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|Title:||Molecular characterization of phenothiazines in experimental cancer therapy - New tricks of an old drug revealed|
|Publisher:||Inst för onkologi-patologi / Dept of Oncology-Pathology|
|Description:||Cancer is characterized by uncontrolled malignant proliferation of cells that eventually interfere with tissue/organ functions. Traditionally, cancer is treated with chemo- and/or radiotherapy when surgery is not an option. Unfortunately, the efficacy of conventional anti-cancer chemotherapy is severely limited by therapy resistance. A conceptually appealing strategy to combat tumor resistance is to use chemosensitizers, compounds that selectively sensitize tumor cells to chemotherapy without affecting normal tissue. Phenothiazines belong to a class of “old” drugs that are used clinically to treat psychiatric disorders. In this thesis, we characterized the chemosensitizing potential of phenothiazines in combination with DNA damaging chemotherapeutic drugs. Our primary aims are to elucidate the molecular mechanisms by which phenothiazines impart sensitization and to delineate molecular determinants that predict responsiveness of tumors to phenothiazine-based intervention. In Paper I, we confirmed that the phenothiazine compound trifluoperazine (TFP) was a potent sensitizer of bleomycin in human non-small cell lung carcinoma (NSCLC) cells; the likely mechanism being inhibition of repair of DNA single strand breaks (SSB) as well as DNA double strand breaks (DSB). In Paper II, we found that TFP delayed the resolution of bleomycin- or cisplatin-induced γH2AX, a marker of unrepaired DNA DSB, prolonged the cell cycle arrest and increased oxidative stress in NSCLC cells. TFP co-treated cells eventually resumed cycling without fully repairing the DNA damage, which led to mitotic defects, secondary checkpoint arrest, exacerbated oxidative stress, organelle dysfunction, caspase activation and ultimately apoptosis. In Paper III, we uncovered a possible link between phenothiazines and chromatin remodeling by in silico gene expression analysis. We found that TFP and structurally related phenothiazines significantly enhanced the activity DNA-PK/ATM in tumor but not normal fibroblasts in response to DNA DSB-inducing agents, resulting in increased selective phosphorylation of a subset of ATM substrates with chromatin regulatory functions. Notably, this represents an adaptive response which could be targeted by DNA-PK/ATM inhibitors to further enhance TFP-mediated chemosensitization in NSCLC cells. Moreover, we found that wild-type p53 is a potential predictor of unresponsiveness to phenothiazine-based chemosensitization. We further demonstrated that TFP preferentially increased the cytotoxicity of direct-acing DNA damaging agents, but not indirect-acting DNA damaging or non-DNA damaging agents, in p53-deficient tumor cells (NSCLC, breast cancer). In Paper IV, we compared the gene expression profile of NSCLC residual clones that survived cisplatin treatment with counterparts that survived cisplatin/TFP co-treatment. We found that survival after cisplatin was associated with enrichment of pathways involved in DNA metabolism/repair, cell cycle and RNA post-translational modification. Pathway analysis showed that several DNA repair genes were concurrently up-regulated in residual clones that survived cisplatin treatment, but not in residual clones that survived cisplatin/TFP co-treatment did not shown such enrichment of DNA repair genes. In summary, our data showed for the first time that inhibition of DNA DSB repair by TFP is related to alterations in DNA-PK/ATM signaling, which led to increased apoptosis in the short term and gene expression changes as well as loss of clonogenicity in the long term. Further, our identification of molecular contexts that predict responsiveness to phenothiazines will aid in the design of future clinical trials.|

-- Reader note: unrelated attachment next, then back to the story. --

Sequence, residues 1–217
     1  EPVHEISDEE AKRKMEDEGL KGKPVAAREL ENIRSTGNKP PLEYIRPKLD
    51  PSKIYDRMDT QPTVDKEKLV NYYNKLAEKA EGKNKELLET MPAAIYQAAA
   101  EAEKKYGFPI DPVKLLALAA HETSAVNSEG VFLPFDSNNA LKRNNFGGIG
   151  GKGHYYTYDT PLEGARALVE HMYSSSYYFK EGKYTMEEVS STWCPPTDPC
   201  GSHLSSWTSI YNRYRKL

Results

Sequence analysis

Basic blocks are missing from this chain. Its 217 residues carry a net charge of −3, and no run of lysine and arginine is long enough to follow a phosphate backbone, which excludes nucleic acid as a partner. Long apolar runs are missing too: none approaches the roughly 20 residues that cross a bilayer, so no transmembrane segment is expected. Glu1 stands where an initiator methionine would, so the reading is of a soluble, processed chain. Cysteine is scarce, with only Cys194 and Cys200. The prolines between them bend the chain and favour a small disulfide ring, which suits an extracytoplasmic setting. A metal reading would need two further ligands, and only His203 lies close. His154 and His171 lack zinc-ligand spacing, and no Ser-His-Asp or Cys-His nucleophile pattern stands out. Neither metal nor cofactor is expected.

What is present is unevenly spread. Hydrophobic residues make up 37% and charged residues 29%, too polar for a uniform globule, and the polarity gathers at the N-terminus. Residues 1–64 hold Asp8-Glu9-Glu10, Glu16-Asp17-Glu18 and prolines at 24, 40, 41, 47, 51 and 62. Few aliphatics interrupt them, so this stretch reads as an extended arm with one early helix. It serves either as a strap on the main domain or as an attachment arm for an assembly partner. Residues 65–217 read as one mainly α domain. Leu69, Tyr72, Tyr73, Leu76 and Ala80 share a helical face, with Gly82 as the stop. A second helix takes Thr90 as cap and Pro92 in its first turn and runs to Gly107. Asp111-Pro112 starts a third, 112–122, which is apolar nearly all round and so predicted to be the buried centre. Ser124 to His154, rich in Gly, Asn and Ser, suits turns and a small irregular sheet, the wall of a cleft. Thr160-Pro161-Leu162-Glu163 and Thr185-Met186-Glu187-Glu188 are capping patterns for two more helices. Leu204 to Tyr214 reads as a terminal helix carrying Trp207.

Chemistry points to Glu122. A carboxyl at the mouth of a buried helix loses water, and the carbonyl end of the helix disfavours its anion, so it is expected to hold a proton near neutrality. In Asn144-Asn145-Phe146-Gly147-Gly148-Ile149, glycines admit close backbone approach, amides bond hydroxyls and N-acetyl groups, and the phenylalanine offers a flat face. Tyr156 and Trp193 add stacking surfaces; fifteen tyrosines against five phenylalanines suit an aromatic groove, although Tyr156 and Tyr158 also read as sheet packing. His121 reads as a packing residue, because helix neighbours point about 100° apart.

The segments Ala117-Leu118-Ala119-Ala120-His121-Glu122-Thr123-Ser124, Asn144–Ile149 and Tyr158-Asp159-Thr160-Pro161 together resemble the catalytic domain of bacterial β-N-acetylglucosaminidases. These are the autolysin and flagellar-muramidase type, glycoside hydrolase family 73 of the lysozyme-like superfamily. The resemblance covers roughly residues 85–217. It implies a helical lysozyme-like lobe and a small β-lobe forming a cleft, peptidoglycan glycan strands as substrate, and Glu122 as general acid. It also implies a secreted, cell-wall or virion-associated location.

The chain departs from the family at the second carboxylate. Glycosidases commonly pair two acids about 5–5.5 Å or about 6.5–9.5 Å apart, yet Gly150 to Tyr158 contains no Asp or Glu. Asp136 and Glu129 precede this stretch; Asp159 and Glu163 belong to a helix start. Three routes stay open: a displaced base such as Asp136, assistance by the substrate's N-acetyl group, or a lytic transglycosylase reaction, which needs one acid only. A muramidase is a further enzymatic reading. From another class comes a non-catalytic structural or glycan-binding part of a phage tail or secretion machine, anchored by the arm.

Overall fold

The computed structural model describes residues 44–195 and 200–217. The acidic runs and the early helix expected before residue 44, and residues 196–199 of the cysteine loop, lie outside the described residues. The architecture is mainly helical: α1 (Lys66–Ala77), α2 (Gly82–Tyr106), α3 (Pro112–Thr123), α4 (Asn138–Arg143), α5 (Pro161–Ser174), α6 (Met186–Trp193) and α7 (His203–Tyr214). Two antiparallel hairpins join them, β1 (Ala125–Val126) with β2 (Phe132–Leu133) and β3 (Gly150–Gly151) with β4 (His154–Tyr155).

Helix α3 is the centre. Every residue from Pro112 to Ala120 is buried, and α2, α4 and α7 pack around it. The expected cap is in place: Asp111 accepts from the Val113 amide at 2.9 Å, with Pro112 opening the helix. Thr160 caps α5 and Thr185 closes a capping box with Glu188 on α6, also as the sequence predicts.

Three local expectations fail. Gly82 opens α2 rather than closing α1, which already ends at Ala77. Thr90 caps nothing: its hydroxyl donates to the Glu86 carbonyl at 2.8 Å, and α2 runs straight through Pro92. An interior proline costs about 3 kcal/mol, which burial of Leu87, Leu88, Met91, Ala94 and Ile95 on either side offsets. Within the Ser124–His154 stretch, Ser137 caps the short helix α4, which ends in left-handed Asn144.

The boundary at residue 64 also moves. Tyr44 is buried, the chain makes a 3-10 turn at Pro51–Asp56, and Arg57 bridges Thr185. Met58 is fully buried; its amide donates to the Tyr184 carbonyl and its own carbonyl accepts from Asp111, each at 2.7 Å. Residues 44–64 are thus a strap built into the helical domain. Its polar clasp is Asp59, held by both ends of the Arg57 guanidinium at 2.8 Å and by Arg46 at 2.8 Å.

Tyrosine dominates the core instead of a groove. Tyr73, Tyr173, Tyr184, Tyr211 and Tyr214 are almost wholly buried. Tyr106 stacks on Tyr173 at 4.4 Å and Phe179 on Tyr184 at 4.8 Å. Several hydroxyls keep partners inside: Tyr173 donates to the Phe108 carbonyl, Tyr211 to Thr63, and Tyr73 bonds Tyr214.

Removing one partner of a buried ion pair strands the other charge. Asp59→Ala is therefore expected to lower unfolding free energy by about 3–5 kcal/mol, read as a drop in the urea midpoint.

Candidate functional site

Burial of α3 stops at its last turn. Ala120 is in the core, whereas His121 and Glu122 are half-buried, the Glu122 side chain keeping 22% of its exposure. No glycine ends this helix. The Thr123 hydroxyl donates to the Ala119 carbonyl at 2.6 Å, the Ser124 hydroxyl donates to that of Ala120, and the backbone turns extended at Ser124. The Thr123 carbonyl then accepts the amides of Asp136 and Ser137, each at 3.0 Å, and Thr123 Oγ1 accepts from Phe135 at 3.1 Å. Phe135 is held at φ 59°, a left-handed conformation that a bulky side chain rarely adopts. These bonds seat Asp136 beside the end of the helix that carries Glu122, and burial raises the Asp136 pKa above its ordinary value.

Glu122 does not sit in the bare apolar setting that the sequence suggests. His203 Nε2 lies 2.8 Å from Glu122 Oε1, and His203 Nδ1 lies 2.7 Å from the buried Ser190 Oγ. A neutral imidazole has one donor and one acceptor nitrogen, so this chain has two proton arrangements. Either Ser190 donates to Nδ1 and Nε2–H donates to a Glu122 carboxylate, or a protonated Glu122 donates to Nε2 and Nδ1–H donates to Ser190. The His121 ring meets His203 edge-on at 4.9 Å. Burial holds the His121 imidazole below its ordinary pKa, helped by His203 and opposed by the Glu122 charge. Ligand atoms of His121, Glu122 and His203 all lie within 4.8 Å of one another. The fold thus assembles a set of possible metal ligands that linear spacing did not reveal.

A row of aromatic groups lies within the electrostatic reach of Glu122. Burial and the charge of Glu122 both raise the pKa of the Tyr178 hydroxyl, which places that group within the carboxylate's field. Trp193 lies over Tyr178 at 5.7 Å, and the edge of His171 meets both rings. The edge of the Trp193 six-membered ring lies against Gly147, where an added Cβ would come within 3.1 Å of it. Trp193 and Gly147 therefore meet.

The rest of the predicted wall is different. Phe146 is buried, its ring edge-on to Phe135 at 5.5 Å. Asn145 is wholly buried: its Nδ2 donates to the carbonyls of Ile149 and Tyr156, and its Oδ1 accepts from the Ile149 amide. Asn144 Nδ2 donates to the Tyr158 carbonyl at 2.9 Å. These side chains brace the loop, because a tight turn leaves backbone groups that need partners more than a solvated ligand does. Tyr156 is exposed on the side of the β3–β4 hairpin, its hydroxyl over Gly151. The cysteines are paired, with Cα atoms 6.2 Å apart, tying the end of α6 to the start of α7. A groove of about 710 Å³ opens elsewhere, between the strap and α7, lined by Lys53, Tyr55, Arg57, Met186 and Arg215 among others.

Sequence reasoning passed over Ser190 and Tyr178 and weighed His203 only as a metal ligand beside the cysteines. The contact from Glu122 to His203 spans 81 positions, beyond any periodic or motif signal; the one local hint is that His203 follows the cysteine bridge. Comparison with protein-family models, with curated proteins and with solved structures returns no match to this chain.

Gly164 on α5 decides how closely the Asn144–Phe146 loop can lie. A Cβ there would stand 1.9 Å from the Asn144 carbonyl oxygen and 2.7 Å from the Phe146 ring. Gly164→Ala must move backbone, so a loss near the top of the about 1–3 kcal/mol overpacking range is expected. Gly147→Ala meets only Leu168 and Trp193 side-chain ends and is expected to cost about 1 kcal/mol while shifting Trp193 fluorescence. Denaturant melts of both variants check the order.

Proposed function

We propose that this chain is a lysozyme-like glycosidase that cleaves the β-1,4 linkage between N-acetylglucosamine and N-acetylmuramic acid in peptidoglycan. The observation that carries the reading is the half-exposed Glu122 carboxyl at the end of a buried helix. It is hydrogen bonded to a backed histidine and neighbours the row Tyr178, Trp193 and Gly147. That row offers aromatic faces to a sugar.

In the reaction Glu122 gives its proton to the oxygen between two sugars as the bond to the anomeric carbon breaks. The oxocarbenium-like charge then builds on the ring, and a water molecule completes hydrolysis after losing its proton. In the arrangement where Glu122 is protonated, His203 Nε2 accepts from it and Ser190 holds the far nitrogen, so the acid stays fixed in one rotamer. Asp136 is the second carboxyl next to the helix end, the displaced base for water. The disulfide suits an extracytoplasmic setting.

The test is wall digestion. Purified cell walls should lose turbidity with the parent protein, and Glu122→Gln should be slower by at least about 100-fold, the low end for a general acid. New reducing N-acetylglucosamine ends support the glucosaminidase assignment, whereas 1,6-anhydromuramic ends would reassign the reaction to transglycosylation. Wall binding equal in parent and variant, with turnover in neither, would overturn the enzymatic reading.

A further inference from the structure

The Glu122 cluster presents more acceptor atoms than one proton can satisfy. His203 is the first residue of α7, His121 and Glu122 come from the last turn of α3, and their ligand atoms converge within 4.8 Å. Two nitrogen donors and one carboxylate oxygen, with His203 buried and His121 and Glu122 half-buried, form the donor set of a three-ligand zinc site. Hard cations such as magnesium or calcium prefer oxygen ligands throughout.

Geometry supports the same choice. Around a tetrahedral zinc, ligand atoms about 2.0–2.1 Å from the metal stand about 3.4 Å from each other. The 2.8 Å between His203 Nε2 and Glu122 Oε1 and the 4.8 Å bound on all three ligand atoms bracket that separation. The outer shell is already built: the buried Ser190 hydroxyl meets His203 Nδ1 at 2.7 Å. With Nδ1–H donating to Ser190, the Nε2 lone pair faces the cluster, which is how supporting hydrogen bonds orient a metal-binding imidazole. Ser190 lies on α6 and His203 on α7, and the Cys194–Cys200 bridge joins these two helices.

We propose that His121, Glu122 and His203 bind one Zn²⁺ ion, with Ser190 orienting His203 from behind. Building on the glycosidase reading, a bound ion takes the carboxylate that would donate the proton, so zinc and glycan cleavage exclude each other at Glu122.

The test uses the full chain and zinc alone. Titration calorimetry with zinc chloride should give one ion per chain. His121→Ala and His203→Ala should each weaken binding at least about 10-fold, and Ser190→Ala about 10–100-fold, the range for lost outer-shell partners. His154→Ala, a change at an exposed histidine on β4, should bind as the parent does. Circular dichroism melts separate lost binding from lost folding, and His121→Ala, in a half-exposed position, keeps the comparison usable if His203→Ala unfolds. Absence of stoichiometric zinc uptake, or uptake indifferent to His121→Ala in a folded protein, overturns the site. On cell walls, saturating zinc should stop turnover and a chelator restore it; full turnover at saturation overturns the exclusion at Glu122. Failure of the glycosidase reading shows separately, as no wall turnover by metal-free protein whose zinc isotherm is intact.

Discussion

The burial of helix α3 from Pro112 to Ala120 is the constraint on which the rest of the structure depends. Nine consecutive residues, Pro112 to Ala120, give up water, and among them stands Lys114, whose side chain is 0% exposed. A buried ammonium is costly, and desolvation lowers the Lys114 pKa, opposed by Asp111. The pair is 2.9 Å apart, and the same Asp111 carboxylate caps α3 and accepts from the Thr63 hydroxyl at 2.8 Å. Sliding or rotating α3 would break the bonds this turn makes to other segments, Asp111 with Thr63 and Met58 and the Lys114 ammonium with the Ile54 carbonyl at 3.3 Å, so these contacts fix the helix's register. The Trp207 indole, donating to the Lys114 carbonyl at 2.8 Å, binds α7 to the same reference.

|Appears in Collections:||Dept of Oncology-Pathology|
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